It is now clear that a variety of neuropeptides interact with the more classically defined neurotransmitters to stimulate or inhibit feeding. An extensive peripheral peptide satiety system has been identified. Peptides involved in this system include cholecystokinin, bombesin, gastrin-releasing peptide, glycagon, somatostatin, and possibly thyrotropin-releasing hormone and calcitonin. Some of these peptides appear to inhibit feeding by activating ascending fibers in the vagus, whereas others exert their actions independent of the vagus. In addition, neuropeptides appear to play a role in producing the neuromodulatory effects of taste on appetite, and hormones from the endocrine system modulate neuropeptide effects on feeding. The central appetite regulatory system appears to be arranged in a cascade, with an interaction between dynorphin and dopamine producing a part of the feeding drive. This drive is held in check by a variety of neuropeptides including calcitonin, corticotropin-releasing factor, and bombesin. In turn, these peptides are modulated by a norepinephrine-α-aminobutyric acid (GABA) system. Neurotensin, serotonin, cyclohistidyl proline diketopiperazine, and the peripheral satiety system appear to modulate the norepinephrine-GABA disinhibitory system. By the judicious use of neuropharmacological modeling we have developed a model of the neurotransmitter interactions involved in appetite regulation that can act as a springboard for the design of future experiments to unravel the mysteries of appetite regulation.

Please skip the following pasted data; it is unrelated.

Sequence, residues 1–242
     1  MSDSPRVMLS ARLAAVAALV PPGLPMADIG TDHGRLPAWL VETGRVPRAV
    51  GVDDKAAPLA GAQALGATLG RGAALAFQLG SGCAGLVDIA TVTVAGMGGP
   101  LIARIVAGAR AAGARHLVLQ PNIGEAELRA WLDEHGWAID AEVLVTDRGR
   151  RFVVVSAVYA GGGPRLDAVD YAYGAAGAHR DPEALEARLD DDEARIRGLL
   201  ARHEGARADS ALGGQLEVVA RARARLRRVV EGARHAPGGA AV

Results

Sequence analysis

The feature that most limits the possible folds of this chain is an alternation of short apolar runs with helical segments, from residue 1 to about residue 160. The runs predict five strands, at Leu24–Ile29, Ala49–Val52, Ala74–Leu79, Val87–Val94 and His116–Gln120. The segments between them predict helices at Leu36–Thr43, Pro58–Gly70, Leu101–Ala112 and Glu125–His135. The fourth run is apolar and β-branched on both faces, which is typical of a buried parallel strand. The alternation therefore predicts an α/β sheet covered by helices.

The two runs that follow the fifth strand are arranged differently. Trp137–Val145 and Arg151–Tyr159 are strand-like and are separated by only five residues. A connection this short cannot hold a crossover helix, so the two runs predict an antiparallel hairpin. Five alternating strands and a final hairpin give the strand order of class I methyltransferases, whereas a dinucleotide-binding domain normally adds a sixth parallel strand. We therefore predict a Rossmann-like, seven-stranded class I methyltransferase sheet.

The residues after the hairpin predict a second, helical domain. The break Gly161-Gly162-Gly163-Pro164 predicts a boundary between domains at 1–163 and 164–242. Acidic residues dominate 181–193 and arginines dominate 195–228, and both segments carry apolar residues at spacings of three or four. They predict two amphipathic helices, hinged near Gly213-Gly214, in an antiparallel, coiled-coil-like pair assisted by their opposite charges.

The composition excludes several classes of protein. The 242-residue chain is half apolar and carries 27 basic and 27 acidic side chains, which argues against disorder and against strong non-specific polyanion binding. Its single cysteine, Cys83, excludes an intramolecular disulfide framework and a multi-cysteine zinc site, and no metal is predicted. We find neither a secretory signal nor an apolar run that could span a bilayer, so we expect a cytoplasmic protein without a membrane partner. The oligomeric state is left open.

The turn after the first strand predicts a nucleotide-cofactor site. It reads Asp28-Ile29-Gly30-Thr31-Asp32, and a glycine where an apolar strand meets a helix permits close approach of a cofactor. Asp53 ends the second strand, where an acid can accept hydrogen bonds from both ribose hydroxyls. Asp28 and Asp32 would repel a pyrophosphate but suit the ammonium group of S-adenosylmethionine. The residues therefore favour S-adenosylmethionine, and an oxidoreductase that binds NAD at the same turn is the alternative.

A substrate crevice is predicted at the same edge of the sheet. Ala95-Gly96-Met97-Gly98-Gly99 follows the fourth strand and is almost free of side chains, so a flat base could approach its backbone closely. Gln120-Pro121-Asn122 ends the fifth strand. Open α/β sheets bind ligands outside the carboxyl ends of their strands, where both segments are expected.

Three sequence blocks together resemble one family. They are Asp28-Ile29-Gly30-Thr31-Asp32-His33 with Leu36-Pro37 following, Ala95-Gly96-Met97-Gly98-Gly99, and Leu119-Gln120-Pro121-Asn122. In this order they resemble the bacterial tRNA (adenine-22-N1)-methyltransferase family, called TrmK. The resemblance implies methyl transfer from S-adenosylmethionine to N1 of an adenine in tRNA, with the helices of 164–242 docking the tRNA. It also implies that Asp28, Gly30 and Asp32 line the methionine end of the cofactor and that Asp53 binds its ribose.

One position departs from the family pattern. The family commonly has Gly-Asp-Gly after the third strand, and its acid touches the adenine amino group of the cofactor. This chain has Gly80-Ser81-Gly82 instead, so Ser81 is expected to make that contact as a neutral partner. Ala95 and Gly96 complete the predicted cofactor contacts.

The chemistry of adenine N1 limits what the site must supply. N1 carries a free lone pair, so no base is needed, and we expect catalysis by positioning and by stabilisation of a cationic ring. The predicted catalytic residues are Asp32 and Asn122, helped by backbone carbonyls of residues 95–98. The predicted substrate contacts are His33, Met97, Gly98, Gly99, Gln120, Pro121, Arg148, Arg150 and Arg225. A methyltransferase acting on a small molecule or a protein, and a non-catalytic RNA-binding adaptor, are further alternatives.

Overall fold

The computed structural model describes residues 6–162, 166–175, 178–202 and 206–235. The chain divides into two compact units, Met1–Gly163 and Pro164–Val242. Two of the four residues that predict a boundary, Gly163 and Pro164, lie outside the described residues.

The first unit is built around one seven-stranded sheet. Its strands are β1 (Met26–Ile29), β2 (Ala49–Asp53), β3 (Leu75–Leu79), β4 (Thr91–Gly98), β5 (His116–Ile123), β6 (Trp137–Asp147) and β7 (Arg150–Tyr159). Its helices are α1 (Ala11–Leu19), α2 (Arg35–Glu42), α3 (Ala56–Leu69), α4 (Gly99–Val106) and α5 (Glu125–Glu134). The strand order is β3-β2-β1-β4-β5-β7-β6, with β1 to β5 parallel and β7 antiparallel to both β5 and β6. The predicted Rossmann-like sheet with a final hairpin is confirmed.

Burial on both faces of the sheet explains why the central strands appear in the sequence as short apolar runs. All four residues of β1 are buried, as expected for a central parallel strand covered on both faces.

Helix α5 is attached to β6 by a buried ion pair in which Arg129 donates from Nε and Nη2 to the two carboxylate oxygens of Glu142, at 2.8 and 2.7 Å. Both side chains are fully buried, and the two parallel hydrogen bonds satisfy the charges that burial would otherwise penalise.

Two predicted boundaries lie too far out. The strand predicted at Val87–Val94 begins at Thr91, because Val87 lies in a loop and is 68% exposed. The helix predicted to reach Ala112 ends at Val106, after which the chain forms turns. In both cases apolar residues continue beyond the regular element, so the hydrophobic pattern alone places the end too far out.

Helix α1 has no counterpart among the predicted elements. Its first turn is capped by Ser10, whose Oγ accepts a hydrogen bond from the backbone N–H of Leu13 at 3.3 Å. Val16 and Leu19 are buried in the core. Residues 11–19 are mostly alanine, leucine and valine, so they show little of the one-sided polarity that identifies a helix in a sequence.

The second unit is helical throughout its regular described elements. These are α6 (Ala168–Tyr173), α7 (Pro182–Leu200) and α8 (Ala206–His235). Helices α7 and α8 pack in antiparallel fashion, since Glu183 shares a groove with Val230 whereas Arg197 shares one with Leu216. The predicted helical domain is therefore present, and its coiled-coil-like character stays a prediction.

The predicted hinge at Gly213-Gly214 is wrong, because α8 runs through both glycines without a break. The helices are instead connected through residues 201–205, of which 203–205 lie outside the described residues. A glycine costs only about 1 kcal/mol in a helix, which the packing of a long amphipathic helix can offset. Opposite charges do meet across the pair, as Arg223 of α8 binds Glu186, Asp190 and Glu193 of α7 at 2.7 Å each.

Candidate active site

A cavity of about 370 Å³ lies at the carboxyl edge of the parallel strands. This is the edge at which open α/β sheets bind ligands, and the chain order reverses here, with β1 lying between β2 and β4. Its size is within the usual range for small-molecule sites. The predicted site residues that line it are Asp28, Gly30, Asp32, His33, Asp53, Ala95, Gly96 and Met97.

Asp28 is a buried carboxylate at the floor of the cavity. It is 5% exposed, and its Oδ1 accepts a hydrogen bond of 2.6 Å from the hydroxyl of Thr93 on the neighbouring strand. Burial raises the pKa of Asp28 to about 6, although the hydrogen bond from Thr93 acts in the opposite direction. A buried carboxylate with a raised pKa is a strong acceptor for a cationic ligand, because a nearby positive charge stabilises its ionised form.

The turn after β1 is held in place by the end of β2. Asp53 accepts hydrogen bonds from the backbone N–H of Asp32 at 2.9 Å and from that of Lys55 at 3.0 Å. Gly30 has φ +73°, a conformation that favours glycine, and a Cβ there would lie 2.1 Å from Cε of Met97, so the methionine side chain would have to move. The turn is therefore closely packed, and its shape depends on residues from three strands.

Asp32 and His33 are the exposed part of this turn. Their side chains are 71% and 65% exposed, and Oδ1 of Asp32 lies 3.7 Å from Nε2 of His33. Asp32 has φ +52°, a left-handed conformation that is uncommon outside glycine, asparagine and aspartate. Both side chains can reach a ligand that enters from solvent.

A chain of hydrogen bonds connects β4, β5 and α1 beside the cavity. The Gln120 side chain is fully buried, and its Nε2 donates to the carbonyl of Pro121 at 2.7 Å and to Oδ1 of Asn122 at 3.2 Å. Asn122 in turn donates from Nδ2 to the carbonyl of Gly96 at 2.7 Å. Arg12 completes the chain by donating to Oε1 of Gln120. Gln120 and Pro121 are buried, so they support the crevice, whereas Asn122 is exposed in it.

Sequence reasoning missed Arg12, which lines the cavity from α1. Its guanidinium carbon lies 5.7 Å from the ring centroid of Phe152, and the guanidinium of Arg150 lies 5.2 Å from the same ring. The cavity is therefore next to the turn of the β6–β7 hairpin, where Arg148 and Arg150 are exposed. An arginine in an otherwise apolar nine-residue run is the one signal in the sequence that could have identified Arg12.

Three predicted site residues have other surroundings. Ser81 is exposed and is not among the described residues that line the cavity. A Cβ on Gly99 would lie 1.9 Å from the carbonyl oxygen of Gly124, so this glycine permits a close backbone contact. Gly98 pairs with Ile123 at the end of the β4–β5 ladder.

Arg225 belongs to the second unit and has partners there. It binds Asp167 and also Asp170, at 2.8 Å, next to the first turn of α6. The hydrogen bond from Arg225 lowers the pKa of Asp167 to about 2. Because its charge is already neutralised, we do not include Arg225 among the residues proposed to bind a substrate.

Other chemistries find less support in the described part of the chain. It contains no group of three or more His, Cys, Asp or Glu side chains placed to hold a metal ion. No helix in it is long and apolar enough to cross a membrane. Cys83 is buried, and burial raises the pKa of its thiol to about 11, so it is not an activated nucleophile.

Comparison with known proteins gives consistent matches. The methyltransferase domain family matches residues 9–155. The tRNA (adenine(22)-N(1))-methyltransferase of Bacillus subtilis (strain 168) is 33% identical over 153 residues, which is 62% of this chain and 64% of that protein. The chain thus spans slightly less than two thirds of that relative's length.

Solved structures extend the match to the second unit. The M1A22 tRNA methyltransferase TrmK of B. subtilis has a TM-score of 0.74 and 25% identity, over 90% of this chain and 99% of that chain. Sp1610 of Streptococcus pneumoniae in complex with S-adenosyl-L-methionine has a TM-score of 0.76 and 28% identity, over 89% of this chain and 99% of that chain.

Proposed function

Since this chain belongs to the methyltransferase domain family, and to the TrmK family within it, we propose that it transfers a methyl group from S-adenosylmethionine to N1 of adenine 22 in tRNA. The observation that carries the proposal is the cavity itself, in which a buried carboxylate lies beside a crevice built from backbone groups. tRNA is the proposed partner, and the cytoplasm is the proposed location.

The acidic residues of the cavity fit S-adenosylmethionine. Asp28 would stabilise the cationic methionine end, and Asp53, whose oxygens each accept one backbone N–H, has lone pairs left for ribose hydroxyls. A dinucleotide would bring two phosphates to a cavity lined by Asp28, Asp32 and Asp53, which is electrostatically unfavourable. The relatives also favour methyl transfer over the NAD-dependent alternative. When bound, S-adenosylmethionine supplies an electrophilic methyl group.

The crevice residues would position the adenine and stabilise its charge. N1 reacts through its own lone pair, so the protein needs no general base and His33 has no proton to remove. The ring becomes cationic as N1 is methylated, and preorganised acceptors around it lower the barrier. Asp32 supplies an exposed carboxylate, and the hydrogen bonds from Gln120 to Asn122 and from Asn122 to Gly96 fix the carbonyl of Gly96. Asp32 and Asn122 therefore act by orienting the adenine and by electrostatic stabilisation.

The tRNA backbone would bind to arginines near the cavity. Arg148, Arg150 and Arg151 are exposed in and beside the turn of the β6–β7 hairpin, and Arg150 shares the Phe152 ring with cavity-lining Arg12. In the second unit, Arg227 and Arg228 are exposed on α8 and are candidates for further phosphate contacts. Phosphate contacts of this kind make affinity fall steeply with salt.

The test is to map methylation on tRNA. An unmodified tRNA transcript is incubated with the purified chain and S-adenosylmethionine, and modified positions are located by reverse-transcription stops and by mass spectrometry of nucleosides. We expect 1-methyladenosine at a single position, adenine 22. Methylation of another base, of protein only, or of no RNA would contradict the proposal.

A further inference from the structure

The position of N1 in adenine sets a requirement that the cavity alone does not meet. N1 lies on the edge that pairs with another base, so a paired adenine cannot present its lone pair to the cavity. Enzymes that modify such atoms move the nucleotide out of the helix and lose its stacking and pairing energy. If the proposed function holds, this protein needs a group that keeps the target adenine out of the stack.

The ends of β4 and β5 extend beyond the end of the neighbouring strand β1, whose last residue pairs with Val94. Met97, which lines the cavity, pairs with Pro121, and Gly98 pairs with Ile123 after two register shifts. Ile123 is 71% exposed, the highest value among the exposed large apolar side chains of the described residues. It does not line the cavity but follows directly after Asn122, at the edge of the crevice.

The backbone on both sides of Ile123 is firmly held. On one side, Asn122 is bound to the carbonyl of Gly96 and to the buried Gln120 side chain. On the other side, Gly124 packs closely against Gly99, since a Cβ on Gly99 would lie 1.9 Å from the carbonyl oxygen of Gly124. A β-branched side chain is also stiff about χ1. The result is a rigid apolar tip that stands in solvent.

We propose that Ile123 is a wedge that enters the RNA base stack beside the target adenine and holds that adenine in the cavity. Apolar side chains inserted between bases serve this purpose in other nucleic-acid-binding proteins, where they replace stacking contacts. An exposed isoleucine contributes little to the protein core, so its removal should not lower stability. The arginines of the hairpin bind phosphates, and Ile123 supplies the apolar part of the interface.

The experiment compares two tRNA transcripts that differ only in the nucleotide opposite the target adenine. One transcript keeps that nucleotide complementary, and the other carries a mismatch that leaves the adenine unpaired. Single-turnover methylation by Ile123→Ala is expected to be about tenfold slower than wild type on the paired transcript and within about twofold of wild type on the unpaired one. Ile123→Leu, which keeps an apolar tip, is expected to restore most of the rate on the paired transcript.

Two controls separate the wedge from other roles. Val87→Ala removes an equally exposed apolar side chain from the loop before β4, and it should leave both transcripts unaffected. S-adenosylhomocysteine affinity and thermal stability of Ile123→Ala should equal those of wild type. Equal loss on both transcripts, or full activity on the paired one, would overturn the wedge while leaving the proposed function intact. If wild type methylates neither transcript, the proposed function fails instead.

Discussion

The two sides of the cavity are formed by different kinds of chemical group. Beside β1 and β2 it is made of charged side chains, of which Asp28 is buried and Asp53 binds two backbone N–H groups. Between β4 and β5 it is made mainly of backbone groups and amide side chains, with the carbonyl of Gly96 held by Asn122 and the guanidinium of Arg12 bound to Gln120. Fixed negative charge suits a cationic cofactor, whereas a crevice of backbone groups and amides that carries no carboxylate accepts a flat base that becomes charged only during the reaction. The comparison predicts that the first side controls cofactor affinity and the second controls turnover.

|Original language||English (US)|
|Number of pages||5|
|State||Published - Dec 1 1984|